Police use of GPS device on car violates 4th Amendment
United State v Jones __ US ___
January 23, 2012 No. 10–1259.
The Government’s attachment of the GPS device to the vehicle, and its use of that device to monitor the vehicle’s movements, constitutes a search under the Fourth Amendment.
(a) The Fourth Amendment protects the “right of the people to be secure in their persons, houses, papers, and effects, against unreasonable searches and seizures.” Here, the Government’s physical intrusion on an “effect” for the purpose of obtaining information constitutes a “search.” This type of encroachment on an area enumerated in the Amendment would have been considered a search within the meaning of the Amendment at the time it was adopted.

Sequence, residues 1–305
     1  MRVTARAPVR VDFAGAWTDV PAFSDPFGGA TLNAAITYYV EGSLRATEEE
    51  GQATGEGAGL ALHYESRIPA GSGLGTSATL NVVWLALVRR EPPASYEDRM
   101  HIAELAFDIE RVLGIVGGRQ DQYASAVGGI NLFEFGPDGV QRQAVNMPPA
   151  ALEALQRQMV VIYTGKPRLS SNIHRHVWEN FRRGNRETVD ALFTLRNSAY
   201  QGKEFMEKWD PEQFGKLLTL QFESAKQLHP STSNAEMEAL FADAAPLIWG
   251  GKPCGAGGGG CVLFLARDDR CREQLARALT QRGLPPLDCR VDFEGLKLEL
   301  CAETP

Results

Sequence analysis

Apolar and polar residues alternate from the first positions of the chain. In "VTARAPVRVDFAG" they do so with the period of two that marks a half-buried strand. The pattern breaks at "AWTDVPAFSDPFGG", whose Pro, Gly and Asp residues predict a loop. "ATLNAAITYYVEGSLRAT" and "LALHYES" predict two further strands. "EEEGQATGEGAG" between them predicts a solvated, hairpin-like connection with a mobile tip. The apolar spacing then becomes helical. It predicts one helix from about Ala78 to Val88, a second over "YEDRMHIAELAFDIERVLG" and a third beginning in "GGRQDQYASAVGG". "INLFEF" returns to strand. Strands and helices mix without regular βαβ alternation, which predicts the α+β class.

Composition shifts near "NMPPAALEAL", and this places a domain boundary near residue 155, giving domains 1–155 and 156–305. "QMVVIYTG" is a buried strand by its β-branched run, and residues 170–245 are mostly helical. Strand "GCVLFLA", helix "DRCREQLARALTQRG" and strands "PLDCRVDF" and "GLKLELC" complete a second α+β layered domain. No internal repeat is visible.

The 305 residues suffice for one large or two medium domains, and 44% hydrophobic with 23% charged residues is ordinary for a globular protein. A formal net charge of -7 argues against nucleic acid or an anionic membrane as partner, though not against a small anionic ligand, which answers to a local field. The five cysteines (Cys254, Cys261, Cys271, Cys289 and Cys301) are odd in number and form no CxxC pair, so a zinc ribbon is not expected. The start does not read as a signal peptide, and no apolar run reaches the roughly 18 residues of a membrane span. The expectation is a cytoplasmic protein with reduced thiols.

(b) This conclusion is consistent with this Court’s Fourth Amendment jurisprudence, which until the latter half of the 20th century was tied to common-law trespass. Later cases, which have deviated from that exclusively property-based approach, have applied the analysis of Justice Harlan’s concurrence in Katz v. United States, 389 U. S. 347, which said that the Fourth Amendment protects a person’s “reasonable expectation of privacy,” id., at 360. Here, the Court need not address the Government’s contention that Jones had no “reasonable expectation of privacy,” because Jones’s Fourth Amendment rights do not rise or fall with the Katz formulation. At bottom, the Court must “assure preservation of that degree of privacy against government that existed when the Fourth Amendment was adopted.” Kyllo v. United States, 533 U. S. 27. Katz did not repudiate the understanding that the Fourth Amendment embodies a particular concern for government trespass upon the areas it enumerates. The Katz reasonable-expectation-of-privacy test has been added to, but not substituted for, the common-law trespassory test. See Alderman v. United States, 394 U. S. 165; Soldal v. Cook County, 506 U. S. 56. United States v. Knotts, 460 U. S. 276, and United States v. Karo, 468 U. S. 705—post-Katz cases rejecting Fourth Amendment challenges to “beepers,” electronic tracking devices representing another form of electronic monitoring—do not foreclose the conclusion that a search occurred here. New York v. Class, 475 U. S. 106, and Oliver v. United States, 466 U. S. 170, also do not support the Government’s position.